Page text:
Furthermore, these strong, athletic women being included in video games such as FIFA 16 could give many young, impressionable girls positive role models. It will teach girls that despite their gender, they can be professional sports players. These female footballers, with the help of a game like FIFA 16, could become easily accessible role models, like their male counterparts are for young boys.

Even when I was a child, I always dreamt of becoming the next Paul Scholes, but I was told that I couldn’t because of my gender. He’s always been one of my favourite players, both on the pitch and in video games. I do not want to see another generation of girls being told they can’t do something because of their sex. I want them to play FIFA and see someone who looks like them, someone they can become. I don’t want them to ever think that being a footballer or a football manager is impossible solely because of their sex.

I believe EA Sports, along with FIFA, are making a bold and correct decision to include female footballers and teams in the much-anticipated FIFA 16. Including female footballers doesn’t actually harm men or male footballers; it just benefits women and female footballers by showing equality, which is still a long way off in the beautiful game that is football. Any objection to the inclusion of female footballers is sexism in its purest form – you are only objecting to their inclusion because of their sex.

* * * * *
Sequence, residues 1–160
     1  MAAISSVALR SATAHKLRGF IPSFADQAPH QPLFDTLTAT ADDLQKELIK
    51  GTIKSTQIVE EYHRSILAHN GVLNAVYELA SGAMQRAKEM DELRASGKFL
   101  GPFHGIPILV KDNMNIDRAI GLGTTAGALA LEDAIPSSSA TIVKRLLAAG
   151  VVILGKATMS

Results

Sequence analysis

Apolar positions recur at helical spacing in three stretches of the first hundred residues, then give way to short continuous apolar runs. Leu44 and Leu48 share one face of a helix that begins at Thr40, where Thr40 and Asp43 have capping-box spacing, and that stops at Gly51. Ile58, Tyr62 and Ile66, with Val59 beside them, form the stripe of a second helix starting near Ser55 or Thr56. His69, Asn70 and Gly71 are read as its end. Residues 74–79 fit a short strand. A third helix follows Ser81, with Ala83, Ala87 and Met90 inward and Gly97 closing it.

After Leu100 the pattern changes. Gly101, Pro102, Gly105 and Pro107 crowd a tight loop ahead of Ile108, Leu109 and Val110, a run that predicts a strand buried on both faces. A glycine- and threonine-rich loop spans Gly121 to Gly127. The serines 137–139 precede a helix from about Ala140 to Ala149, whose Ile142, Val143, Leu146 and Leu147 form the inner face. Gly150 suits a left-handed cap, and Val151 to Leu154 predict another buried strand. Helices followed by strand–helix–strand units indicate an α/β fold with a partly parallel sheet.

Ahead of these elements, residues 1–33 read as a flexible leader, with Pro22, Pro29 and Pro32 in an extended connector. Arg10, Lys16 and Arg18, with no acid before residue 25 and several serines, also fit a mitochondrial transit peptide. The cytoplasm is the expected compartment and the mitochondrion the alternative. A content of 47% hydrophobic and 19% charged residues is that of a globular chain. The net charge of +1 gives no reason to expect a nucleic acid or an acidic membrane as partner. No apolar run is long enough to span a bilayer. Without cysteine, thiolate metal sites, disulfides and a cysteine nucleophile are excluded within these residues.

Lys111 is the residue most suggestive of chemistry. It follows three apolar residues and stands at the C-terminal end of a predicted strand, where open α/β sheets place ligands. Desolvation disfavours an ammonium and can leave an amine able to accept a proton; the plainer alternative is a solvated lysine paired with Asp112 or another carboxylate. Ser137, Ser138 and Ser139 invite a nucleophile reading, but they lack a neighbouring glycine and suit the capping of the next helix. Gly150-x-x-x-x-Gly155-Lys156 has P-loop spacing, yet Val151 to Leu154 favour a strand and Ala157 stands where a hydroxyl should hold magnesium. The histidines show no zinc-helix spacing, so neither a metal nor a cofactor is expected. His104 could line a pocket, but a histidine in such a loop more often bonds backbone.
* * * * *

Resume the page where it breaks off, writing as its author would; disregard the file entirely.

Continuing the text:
Hurt meninists have been proclaiming how feminism is damaging the institution that is the FIFA video games but how is wanting fair representation wrong? If you are offended by this genius move by EA Sports, you’re sexist, misogynistic and need to seriously re-evaluate your life and your beliefs. The only agenda we have, as women, is wanting representation in a sector that has always been dominated by men.

(Originally Published on CultNoise Magazine – currently under reconstruction)

Inside My Mind: Depression (CultNoise)

15th May 2015

I wake up late. It’s gone 11am. My mum came in and woke me up nicely and kindly, as she does every day. She came into my room saying ‘Bub, get up, it’s gone 11! Sorry it’s so late!’ and patted me on the head and left to tend after my dad. My mum is extremely caring; it’s like her job to look after everyone at home. I woke up again. I’m alive again. I don’t want to leave my bed. I bury myself further underneath my duvet. I thought today was going to be different. I thought I’d wake up and not wish I was dead. Every day I wake up fearing that I will feel like this. Some days I don’t. Most days I do. I never want to get out of bed because if I’m asleep, I can’t feel sad.

Mum comes in again and I really have to get out of bed this time. I feel heavy with sadness and I don’t even know why. I brush my teeth and wash my face in a blur. I see my self harm scars on my arm and I’m tempted to open the bathroom cabinet and cut myself again, but I don’t. That’s one of the hardest things to resist because cutting takes the focus away from the internal struggle and pain I’m going through.